Grotto-heavens (Chinese: 洞天; pinyin: Dòngtiān) are a type of sacred Taoist site. Grotto-heavens are usually caves, grottoes, mountain hollows, or other underground spaces.

In the Tang dynasty, immortals were thought to have lived in certain immortal cave-heaven lands that existed between heaven and earth, shrouded by colorful clouds; wonderful flowers, peach trees and fragrant grass were often said to have grown there.[1]

Because every community was supposed to have access to at least one grotto, there were many of them all over China. They were first organized systematically in Tang times by Sima Chengzhen (司馬承禎) (647–735, see Zuowanglun) and Du Guangting (杜光庭) (850-933).[2] The most sacred of these sites were divided into two types: The ten greater grotto-heavens and the thirty-six lesser grotto-heavens.[3]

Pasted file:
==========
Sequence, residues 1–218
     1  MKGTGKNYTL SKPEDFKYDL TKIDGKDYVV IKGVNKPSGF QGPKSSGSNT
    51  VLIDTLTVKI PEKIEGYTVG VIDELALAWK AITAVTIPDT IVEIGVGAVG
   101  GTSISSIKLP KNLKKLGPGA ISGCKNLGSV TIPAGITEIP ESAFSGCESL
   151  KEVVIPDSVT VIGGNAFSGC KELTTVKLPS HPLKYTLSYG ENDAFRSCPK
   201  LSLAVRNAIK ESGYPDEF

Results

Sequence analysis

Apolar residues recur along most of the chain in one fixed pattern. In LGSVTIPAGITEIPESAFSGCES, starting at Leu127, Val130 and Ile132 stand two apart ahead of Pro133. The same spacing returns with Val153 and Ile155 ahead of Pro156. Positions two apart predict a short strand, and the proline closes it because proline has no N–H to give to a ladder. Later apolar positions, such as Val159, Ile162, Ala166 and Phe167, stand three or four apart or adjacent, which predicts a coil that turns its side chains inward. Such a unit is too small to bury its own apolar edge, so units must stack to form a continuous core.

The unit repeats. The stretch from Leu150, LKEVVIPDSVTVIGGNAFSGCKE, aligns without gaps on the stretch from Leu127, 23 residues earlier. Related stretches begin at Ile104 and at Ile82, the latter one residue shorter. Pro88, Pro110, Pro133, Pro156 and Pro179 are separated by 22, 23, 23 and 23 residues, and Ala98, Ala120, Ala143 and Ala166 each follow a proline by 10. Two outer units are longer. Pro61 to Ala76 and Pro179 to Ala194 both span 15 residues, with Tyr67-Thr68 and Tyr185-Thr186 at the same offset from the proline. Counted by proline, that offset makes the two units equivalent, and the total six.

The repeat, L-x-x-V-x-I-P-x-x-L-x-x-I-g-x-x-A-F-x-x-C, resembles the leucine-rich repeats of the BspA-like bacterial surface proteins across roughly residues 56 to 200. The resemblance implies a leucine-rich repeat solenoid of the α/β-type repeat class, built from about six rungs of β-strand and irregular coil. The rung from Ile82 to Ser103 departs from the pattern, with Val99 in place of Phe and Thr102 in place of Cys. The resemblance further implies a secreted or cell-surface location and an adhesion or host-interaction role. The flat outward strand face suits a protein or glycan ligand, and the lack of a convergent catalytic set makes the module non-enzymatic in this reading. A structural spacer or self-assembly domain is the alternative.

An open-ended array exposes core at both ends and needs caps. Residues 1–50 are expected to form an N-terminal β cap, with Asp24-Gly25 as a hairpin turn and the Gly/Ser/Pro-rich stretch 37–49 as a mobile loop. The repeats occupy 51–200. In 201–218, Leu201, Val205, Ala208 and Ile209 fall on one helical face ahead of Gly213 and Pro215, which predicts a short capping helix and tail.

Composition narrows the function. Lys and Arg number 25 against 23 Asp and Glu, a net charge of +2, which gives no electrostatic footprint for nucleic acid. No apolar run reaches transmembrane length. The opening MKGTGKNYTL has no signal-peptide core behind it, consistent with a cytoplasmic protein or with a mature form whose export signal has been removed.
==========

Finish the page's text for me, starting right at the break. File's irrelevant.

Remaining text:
View from inside Taiji Cave grotto-heaven (simplified Chinese: 太极洞; traditional Chinese: 太極洞; pinyin: Tàijí Dòng; lit. 'Cave of the Supreme Ultimate') is a karst cave located on Shilong Mountain (石龙山), in Guangde County, Xuancheng City, Anhui Province, People's Republic of China.

Locations of the ten greater grotto-heavens are as follows:


  1. ^ Maggie C. Kwan, Building an Immortal Land: The Ming Jiajing Emperor’s West Park, p.68
  2. ^ Kohn (2000), p. 695.
  3. ^ Kohn (2000), p. 696.


See also